Eclipse preparation

Racing Post, 26th June 2005

He is fresh again. So fresh that earlier in the week he had caused a turning, bucking commotion just on the walk from his box to the circling ring where he is now stalking stable mate Skidrow like some predatory panther. It is 6-15 on Friday morning. Motivator is not just ready for work, he needs it.

Three weeks on from his Epsom heroics Motivator is a very different creature from the tired, shoe-less, spotty-skinned animal that had posed for the team photos on the lawn behind us. A fortnight of mere regular canters up Warren Hill has restored him to the rudest of health. Skidrow and rider Hayley Turner have to put up with alarming snorts and jumps behind them every time Motivator has an excuse to move.

The plan is to box the two horses over to the Al Bahathri gallop on the other side of town to re-enact the same one mile piece of work that preceded the Derby. Johnny Murtagh is over in Ireland so Shane Featherstonehaugh’s long legged cool does duty in the saddle. It has been the hottest night of the year. Michael Bell is in shorts, so too is Duggie Honeywell taking on Richard Simpson’s role after Bell’s long serving head man was trapped into a Spanish holiday last week after what was billed as “a barbeque in Bishops Stortford” turned out to be a diversion off the M11 to Stansted.

Despite his posterings Motivator is calm and dry coated as he is loaded up, but by the time he is unboxed and Shane is back in the saddle the adrenalin is beginning to pump and the sweat is rushing through. As the horse is led past to the start of the canter, Roy Thorpe’s right arm braced hard against his bridle, there is something ferocious in the pent-up power behind the bit. This is sweat not of fear but of readiness.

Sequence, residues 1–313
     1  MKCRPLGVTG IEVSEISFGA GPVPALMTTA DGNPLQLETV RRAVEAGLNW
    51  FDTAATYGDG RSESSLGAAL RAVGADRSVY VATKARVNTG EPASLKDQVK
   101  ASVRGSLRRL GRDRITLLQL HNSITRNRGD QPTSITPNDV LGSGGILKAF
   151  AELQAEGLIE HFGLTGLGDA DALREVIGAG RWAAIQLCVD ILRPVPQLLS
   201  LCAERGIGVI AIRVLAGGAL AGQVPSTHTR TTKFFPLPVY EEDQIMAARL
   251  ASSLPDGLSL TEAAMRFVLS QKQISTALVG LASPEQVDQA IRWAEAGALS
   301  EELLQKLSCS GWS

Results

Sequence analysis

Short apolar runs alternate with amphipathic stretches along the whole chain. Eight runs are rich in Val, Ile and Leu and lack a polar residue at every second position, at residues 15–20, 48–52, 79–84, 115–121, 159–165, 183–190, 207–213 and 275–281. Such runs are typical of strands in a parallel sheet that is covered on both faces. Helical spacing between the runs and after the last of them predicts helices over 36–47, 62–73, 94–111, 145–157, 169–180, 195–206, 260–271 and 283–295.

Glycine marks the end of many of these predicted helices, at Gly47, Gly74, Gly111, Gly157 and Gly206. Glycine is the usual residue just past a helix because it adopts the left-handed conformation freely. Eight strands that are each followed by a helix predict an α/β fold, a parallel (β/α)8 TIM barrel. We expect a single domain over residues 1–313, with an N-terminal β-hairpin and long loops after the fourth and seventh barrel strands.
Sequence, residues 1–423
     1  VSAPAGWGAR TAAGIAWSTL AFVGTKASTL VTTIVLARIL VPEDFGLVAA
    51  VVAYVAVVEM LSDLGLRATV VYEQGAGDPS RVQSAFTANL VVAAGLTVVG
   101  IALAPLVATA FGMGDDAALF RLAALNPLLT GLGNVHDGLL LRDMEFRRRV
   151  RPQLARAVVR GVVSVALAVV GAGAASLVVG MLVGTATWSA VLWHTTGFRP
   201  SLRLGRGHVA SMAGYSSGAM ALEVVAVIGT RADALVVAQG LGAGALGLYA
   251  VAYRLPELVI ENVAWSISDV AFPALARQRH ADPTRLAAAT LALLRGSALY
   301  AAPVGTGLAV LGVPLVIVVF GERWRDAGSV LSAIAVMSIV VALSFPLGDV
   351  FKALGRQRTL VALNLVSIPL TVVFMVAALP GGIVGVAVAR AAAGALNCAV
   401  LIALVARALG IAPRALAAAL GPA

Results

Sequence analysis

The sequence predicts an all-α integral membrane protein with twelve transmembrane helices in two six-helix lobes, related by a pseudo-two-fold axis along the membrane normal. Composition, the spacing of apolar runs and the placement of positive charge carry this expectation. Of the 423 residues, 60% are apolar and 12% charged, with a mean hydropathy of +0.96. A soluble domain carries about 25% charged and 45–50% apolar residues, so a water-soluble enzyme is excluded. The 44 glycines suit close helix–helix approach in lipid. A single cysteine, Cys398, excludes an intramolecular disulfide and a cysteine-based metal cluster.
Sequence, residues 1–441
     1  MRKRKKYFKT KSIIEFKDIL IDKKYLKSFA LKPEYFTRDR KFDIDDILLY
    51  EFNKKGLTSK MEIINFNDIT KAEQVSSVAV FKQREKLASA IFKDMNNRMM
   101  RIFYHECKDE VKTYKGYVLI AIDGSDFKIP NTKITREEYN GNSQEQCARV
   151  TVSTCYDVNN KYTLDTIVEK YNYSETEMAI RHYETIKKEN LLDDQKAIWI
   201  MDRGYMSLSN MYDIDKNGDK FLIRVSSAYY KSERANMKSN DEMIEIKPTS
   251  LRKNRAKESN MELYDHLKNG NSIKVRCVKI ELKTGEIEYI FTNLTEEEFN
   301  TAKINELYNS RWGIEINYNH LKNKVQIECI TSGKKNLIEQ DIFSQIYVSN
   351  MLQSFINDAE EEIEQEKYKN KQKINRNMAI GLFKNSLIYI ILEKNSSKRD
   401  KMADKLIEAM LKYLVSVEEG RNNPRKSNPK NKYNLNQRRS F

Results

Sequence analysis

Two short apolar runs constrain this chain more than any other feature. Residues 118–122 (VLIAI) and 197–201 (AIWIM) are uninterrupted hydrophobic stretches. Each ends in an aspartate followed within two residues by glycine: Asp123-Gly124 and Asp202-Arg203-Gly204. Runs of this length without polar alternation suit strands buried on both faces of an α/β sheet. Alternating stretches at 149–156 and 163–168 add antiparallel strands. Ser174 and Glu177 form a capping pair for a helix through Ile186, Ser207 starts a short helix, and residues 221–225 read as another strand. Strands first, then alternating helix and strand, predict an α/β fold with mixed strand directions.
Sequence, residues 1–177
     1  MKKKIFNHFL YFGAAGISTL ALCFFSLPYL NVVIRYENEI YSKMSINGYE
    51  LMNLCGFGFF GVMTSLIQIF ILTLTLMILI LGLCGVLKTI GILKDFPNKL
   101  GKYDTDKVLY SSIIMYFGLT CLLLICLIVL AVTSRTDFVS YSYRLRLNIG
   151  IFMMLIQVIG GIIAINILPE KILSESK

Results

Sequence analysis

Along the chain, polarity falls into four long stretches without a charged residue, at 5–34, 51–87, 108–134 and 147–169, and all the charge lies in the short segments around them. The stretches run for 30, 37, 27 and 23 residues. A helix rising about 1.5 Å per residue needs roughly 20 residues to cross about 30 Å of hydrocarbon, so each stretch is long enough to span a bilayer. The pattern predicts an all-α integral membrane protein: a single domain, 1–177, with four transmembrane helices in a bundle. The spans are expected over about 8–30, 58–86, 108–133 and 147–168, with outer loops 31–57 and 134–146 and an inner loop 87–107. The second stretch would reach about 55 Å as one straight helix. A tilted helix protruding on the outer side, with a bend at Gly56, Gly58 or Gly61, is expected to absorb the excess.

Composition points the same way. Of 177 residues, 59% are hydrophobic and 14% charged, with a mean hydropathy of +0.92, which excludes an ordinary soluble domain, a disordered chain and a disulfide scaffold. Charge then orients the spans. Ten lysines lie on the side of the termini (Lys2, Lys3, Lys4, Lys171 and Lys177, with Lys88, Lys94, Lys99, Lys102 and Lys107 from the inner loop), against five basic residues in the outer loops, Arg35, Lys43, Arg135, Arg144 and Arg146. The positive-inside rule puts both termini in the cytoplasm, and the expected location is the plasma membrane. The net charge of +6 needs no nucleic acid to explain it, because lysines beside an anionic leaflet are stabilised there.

For our car there is a gate to open, a bumpy avenue to navigate before we mount the wooden viewing stand 6 furlongs up the Al Bahathri. Suddenly we are back into the rural, hay-sweet peace of a summer morning. A motor beats the other side of the railway line, larksong is almost loudly obtrusive, just half a dozen of us gather for the two dots to thicken on the horizon.

Skidrow is a decent sort of three year old who finished a good fifth in the Britannia Stakes at Royal Ascot at York last week. He also did this same task with the same rider in the pre-Derby work out. For a while the two horse Indian file seems to be closing rather slowly but as they near and Shane Featherstonehaugh moves Motivator out, you are hit by the moment every racing person always dreams of – the sight of a true thoroughbred on the stretch.

Only that Motivator isn’t anywhere near all out, the stretching is in Shane’s arms. He has the reins on the same long hold Johnny Murtagh used in the Dante, a great daub of sweat flecks the neck, and Motivator’s whole being exudes an urge to run a hole in the horizon. One of the oldest and wisest sayings in racing is that “all horses go fast past trees” but Skidrow in receipt of two stone is not exactly a tree, and Epsom has already shown us what Motivator can leave in his wake. As he rocketed away from us towards the awakening town we knew that Motivator was back.

There is a strange quietly-spoken euphoria after an exciting piece of work. The actual athlete cannot talk so all other participants are quizzed and re-quizzed. “Skidrow actually went keener than last time,” says Hayley Turner, “I wasn’t hard on him but when Motivator came upsides, he made a huge impression .” Shane Featherstonehaugh has one of those faces which do not readily crease into a smile, but the frown now was one of awe not worry. “He was really tremendous,” he said of his now-relaxed partner whose nostrils, quite literally, would not blow a candle out. “When I moved him out he gave a terrific feel. I honestly think he is better and stronger than ever before.”